At 1:00 p.m. Eastern today, Professor Gross and Maurice Possley, the Registry’s lead writer/investigator and a Pulitzer Prize-winning journalist, will host a Twitter Q & A on their findings. The media and the public are invited to participate by following #NRE12 or #innocence or @exonerationlist.
The organization has also issued a news release, "Prosecutors and Police are Assisting with Exonerations at Record High Levels, New Data Shows," available in Adobe .pdf format. Here's the beginning:
In 2012, the number of cases in which prosecutors or police helped exonerate innocent defendants increased dramatically, according to a new report released today by the National Registry of Exonerations. Of 63 known exonerations in 2012, law enforcement initiated or cooperated in 34 or more than half (54 %).
Since 1989, prosecutors and police cooperated in 30 percent of the exonerations that the Registry has been able to identify (317 of 1050 exonerations in the national database at the end of last year). In 2012, for the first time, law enforcement cooperated in the majority of known exonerations. The previous high was 2008 when prosecutors or police assisted in 22 of 57 known exonerations (39 percent). In general, official cooperation is least likely among exonerations in capital murder and mass child sex abuse cases, and most likely in robbery and drug crime exonerations.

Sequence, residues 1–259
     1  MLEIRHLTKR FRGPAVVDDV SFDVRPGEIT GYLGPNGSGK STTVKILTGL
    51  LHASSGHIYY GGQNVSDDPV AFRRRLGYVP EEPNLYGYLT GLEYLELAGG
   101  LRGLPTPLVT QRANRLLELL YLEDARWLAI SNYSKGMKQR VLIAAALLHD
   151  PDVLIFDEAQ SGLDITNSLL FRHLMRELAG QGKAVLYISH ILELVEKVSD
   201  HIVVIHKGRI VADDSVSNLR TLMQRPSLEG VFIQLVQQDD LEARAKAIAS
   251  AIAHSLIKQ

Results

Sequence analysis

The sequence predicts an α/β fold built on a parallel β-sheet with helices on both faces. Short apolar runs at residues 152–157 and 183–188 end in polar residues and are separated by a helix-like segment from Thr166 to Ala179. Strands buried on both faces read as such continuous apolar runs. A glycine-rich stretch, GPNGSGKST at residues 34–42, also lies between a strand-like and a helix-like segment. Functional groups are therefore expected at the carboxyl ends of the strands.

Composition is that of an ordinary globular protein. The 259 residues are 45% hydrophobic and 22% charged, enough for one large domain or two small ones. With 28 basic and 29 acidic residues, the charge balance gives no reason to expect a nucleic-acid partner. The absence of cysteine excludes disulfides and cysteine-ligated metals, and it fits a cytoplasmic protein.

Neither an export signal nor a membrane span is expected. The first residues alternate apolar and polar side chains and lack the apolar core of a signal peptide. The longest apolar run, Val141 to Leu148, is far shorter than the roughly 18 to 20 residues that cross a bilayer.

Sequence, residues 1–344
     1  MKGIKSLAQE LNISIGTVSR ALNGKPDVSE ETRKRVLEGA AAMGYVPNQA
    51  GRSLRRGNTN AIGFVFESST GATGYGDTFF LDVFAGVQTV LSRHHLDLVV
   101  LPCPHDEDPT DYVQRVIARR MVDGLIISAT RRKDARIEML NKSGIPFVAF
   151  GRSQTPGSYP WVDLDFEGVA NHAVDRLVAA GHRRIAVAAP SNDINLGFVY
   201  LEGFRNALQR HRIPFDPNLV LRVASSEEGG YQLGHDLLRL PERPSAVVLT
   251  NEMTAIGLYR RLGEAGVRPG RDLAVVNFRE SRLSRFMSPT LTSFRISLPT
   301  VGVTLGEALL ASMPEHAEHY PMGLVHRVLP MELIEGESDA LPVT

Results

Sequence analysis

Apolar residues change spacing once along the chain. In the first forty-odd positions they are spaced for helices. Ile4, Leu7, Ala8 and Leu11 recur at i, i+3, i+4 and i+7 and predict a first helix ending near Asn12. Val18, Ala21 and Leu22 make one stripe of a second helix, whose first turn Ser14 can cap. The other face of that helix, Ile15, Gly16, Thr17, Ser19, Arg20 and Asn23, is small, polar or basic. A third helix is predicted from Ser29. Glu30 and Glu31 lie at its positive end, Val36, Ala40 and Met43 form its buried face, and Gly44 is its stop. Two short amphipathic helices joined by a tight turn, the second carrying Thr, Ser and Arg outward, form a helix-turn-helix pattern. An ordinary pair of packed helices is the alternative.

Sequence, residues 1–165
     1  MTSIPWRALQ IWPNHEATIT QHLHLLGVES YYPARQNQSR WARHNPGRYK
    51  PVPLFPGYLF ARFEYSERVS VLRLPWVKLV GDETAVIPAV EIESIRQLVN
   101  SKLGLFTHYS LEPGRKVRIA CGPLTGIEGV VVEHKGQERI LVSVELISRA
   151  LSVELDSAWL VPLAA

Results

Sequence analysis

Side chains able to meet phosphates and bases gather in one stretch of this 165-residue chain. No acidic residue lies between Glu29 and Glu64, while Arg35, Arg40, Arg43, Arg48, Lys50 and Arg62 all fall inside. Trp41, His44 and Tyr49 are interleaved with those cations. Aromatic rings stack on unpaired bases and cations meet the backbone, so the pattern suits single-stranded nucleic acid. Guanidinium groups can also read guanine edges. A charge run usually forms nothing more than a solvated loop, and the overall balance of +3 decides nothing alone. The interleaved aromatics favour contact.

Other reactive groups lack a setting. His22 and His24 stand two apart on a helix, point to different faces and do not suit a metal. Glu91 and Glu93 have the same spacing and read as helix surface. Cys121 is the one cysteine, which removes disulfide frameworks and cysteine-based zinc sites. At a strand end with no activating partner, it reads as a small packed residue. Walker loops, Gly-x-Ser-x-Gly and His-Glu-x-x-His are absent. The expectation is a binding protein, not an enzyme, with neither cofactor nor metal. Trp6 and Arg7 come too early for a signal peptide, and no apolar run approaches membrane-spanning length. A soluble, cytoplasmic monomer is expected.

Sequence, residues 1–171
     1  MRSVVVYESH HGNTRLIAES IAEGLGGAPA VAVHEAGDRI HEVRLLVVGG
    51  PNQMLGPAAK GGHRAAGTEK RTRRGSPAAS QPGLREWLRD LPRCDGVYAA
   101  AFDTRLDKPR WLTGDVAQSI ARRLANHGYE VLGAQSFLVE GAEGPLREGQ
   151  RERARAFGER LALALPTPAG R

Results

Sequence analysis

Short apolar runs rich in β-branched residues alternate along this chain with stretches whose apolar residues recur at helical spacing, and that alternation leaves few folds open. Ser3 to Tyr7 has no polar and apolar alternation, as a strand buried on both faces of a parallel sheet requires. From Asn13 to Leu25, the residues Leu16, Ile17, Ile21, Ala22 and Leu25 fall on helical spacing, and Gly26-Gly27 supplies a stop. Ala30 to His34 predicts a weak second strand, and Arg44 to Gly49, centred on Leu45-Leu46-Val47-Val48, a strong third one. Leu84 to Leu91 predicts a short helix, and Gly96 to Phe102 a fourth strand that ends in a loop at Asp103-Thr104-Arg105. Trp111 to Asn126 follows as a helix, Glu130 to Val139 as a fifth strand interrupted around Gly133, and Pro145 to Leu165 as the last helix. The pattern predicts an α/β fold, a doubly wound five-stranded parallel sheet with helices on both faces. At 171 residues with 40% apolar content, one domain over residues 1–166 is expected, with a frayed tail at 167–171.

“We see a clear trend. Prosecutors and police are more open to re-investigating cases and clearing the names of innocent people who were wrongfully convicted,” said Michigan Law professor Samuel Gross, editor of the Registry and author of the “2012 Update” released today. “This is as it should be. The purpose of law enforcement is to seek truth and pursue justice. I’m glad to see they are now doing so more often after conviction, to help correct some of the terrible mistakes we sometimes make.”